Guest Workers Cut Wages: Vanstone

Guest workers cut wages: Vanstone
Meaghan Shaw
The Age
June 8, 2006

IMMIGRATION Minister Amanda Vanstone has come under fire for admitting that importing foreign workers helped suppress wage claims.

Senator Vanstone defended the controversial foreign guest worker scheme, saying it stopped unions from pushing excessive wage demands.

“(Some parties) are opposed to the recruitment drive because it opens up the industry to other pools of employees, which undermines the unions' ability to exploit high wages amid the skills shortage,” she told the West Australian.

Senator Vanstone's comments followed union anger over plans by WA builder Gerry Hanssen to bring in 170 migrant workers. She said skilled migrants should be paid a fair wage, of not less than the award rate, while keeping inflationary wage demands in check.

Opposition industrial relations spokesman Stephen Smith said Senator Vanstone had “let the cat out of the bag”. “It's nothing to do with skills, it's all about supressing wages,” he said.

ACTU secretary Greg Combet said the purpose of the scheme was to cut wages. “You're going to see a depression in wage levels under the new laws,” he said. “That is the specific objective of the law.”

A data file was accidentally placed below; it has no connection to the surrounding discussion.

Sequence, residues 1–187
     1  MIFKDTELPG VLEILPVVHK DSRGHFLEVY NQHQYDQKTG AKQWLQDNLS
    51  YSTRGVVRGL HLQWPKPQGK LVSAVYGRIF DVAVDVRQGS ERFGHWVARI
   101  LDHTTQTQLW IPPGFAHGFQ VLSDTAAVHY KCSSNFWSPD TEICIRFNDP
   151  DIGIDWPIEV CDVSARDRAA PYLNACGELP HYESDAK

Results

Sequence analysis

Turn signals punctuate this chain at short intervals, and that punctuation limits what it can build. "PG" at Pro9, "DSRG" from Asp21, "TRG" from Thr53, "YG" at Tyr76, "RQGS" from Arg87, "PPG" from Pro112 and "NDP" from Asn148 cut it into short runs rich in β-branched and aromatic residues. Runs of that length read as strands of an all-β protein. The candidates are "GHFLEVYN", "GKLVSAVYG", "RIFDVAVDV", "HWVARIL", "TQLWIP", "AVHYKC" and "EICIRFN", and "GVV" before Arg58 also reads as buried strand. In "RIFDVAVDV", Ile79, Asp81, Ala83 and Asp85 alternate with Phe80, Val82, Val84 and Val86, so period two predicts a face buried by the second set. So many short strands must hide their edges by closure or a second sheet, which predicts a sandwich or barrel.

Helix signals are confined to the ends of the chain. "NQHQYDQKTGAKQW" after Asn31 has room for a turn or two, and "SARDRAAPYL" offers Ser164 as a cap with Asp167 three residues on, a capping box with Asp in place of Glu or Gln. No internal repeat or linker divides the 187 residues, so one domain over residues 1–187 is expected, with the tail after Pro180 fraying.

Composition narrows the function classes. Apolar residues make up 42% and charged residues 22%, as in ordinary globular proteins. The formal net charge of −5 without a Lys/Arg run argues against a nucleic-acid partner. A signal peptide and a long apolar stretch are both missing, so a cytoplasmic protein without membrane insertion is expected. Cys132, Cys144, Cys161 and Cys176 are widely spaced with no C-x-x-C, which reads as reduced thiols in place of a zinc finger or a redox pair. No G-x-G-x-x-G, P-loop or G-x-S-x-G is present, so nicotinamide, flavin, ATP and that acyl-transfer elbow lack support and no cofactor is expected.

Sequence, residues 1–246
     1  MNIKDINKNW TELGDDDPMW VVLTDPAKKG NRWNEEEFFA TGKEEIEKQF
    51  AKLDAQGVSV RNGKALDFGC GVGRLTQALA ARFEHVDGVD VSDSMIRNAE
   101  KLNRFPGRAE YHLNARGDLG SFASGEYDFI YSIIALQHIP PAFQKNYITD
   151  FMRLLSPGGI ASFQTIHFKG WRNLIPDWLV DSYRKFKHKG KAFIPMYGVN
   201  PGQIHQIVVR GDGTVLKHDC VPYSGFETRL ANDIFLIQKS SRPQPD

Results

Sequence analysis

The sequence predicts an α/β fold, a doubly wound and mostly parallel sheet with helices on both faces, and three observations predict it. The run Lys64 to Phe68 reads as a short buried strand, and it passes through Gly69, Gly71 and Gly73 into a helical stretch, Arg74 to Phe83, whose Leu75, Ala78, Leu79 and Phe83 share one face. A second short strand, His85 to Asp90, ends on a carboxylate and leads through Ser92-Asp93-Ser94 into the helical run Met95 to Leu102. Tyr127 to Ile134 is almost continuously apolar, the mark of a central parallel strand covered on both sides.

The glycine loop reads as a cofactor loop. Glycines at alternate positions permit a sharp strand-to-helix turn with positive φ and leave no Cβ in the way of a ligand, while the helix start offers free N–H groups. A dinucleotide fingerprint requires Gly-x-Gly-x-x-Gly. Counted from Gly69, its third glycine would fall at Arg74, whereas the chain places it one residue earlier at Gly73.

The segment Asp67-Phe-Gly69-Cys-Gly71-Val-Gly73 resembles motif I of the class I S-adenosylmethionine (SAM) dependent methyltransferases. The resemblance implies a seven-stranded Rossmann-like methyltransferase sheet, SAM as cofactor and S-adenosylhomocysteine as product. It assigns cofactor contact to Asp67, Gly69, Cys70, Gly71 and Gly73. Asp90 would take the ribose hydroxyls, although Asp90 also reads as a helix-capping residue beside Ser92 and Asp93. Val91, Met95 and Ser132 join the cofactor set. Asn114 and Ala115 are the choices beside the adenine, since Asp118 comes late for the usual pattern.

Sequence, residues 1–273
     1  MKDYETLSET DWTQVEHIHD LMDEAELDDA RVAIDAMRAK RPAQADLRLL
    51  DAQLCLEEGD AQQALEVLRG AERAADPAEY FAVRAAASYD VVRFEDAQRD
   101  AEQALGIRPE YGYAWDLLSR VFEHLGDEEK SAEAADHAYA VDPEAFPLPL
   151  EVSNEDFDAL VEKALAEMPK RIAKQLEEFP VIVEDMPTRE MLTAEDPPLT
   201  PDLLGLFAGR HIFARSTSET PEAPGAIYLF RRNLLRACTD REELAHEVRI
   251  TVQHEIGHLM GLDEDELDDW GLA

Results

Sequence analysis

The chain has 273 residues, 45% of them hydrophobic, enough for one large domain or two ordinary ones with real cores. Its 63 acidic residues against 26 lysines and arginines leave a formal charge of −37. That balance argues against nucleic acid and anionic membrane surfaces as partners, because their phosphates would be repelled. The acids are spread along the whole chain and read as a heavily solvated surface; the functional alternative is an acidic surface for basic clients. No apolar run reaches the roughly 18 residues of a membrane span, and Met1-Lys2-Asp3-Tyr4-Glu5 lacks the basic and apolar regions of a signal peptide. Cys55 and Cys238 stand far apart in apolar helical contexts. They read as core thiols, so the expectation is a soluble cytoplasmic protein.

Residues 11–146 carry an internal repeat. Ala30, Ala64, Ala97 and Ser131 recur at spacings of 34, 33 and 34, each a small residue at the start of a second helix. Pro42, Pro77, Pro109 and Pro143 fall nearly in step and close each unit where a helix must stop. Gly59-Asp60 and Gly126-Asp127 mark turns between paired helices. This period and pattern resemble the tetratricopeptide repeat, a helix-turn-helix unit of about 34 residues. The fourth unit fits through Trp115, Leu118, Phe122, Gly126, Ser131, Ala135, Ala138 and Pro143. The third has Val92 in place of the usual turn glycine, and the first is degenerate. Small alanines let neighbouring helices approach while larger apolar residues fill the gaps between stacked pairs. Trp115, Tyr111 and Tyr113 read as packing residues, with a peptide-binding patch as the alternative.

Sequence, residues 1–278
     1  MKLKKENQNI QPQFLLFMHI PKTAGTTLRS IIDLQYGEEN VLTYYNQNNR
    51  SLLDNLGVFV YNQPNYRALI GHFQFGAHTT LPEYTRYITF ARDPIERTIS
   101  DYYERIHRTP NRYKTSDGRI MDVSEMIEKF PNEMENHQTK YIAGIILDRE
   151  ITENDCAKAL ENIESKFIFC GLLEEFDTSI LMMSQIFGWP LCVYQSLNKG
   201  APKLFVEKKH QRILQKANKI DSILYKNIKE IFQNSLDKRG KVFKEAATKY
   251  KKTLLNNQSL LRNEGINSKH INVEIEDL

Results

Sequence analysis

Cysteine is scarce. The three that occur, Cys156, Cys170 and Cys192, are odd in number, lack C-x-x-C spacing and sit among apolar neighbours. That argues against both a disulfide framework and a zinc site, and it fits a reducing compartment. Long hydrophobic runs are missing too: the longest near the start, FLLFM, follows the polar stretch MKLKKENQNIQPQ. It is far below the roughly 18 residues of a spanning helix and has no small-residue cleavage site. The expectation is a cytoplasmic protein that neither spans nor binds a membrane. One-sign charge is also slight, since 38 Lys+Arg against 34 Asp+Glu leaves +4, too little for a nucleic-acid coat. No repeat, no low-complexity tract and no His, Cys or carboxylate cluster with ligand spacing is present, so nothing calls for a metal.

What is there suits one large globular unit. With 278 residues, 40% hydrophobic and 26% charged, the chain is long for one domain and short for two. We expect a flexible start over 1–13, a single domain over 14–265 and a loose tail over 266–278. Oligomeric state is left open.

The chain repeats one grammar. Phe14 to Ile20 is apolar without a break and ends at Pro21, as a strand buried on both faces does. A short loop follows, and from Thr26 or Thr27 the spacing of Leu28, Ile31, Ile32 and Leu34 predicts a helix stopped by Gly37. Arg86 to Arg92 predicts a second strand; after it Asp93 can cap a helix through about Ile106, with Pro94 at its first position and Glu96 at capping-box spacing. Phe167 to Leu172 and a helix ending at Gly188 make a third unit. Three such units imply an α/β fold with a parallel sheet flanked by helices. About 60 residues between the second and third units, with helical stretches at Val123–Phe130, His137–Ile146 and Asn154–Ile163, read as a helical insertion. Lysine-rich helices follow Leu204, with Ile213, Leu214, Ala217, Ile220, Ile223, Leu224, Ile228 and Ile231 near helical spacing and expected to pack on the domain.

The ACTU will highlight workers receiving wage cuts under the Federal Government's workplace laws in its new advertisements, which will begin on Sunday.

The commercials will run in the lead-up to the next union national day of action, on June 28, and will be funded by the $20 million war chest being raised by the union movement.

Mr Combet said 1.6 million low-paid workers were facing a “wage freeze” under the new laws after last receiving a pay increase of $17 a week a year ago in the final arbitration by the Australian Industrial Relations Commission.

He said the low-paid workers, who include cleaners, security guards, aged-care workers, retailers and hospitality employees, had to wait until spring for a possible wage increase to be granted by the new Fair Pay Commission.

“Hard-working low-paid Australians are struggling with rising petrol prices, food costs and interest rates and they deserve a pay rise,” he said.

“If the Howard Government had not abolished the Australian Industrial Relations Commission's role in setting minimum wages, award workers could now be getting around $20 a week extra in their pay packets to help with the cost of living.”

Mr Combet called on Fair Pay Commission chairman Ian Harper to commit to backdating any pay increase to yesterday, but he declined.

Professor Harper said the commission was aware it was a year since the last decision “and we will take this into account when we make our minimum wage decision”.

Attorney-General Philip Ruddock said any increase would be passed on immediately, unlike up to 12 months later under the old laws, and the union's claims were “completely wrong and totally misleading”.